Unexpected beauty – teaching the eye and ear

I am in the middle of teaching a sculpture unit exploring the concept of Kaitiakitanga – or guardianship/conservatorship. I gave the students the word (Māori cultural concept at the centre) and they have to research what it means, how it can be explored and how they can make a sculpture to make others think about it.

This week one student felt disheartened because her idea did not seem to be good enough. Her idea explores water and user interaction and recycled plastic and, when researching grand scale installation art and land art, she suddenly exclaimed that her bottles were going to be ugly. Her idea was not good enough. Or so she thought.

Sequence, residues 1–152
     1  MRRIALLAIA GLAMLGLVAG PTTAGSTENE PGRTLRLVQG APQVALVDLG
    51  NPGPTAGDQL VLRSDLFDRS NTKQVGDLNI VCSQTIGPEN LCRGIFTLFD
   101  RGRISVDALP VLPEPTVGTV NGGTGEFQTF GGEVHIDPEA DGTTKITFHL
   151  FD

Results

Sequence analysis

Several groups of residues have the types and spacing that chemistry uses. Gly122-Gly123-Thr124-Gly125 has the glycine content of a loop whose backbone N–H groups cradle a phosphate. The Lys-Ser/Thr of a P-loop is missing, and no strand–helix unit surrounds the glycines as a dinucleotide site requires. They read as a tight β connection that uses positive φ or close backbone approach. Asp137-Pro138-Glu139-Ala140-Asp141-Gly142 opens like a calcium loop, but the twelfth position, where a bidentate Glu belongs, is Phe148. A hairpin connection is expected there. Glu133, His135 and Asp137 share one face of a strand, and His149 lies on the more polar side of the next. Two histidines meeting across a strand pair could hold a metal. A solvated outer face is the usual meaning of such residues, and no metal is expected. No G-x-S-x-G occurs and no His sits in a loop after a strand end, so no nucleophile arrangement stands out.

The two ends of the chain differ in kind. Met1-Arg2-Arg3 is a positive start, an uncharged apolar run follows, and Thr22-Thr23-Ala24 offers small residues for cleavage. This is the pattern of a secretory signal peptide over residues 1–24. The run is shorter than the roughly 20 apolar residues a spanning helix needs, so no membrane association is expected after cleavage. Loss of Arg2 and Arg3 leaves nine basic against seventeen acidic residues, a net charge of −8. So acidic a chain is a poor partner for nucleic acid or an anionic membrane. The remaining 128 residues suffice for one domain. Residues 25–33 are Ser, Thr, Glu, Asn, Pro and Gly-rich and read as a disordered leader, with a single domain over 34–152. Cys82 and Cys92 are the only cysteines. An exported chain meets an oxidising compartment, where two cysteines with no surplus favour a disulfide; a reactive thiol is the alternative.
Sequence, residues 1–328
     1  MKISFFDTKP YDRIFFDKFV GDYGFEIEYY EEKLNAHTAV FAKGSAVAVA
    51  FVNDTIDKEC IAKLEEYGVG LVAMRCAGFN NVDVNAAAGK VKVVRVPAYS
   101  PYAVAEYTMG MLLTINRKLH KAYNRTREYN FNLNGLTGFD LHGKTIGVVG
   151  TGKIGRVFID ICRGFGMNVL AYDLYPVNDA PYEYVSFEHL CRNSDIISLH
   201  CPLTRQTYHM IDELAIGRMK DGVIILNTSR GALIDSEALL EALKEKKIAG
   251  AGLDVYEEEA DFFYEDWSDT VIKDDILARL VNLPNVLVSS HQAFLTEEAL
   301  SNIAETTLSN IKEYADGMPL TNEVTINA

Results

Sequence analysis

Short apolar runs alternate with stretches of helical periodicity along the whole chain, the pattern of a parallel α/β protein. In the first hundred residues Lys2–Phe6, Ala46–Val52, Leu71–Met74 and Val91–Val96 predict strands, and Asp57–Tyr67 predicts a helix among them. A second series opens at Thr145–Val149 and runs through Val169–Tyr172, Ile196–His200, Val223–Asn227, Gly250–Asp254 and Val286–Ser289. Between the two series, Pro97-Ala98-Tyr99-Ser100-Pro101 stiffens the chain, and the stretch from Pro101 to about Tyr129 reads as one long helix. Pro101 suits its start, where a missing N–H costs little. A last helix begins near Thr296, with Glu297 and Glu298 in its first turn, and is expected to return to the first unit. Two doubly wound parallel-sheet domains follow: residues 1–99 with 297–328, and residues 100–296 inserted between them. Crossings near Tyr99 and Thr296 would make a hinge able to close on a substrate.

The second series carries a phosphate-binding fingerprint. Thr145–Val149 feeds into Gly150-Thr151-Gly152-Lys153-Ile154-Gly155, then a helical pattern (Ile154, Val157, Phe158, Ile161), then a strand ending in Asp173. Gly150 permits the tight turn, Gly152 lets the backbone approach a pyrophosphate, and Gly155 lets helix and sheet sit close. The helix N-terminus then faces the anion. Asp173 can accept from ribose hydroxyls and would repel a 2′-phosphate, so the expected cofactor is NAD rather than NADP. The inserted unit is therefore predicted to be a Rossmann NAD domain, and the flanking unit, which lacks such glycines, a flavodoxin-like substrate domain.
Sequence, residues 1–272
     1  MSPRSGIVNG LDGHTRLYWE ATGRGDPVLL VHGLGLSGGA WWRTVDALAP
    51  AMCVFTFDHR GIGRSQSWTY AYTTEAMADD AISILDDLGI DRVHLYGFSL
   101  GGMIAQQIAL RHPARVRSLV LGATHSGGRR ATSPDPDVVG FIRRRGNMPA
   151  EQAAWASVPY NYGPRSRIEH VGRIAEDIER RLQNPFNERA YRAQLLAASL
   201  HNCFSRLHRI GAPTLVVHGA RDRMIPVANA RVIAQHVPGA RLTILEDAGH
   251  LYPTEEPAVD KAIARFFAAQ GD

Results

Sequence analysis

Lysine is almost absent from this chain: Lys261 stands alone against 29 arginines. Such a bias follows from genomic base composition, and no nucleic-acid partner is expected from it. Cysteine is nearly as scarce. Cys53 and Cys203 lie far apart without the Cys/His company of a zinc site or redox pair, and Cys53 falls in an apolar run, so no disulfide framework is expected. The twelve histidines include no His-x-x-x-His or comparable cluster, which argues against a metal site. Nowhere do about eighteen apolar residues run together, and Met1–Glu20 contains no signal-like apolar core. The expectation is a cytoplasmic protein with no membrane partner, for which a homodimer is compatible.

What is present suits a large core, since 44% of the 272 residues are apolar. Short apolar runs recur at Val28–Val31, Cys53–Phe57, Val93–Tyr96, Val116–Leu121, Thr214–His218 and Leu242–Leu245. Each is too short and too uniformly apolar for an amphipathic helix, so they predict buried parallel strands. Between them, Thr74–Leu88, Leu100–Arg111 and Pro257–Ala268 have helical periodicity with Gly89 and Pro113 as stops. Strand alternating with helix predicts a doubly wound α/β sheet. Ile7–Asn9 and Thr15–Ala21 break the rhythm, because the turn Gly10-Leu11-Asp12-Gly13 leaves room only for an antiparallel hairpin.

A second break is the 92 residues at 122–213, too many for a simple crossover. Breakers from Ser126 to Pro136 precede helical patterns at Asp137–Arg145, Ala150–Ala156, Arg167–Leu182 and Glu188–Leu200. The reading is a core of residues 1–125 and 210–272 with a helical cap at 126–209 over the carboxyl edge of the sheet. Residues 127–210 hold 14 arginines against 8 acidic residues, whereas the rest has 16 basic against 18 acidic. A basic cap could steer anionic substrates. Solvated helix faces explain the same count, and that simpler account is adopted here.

And I said, no. I don’t agree. Let’s play to see.

So we filled the bottles and we made holes in them and we poured water from one to the other and the drumming sound was resonant, bassy, and beautiful.

Why is this not beautiful? I asked.

She agreed, it was beautiful.

And the whole class stopped to listen.

What is the takeaway? Sometimes all we need is time to play, to notice and to challenge ourselves to see the world in a different way.


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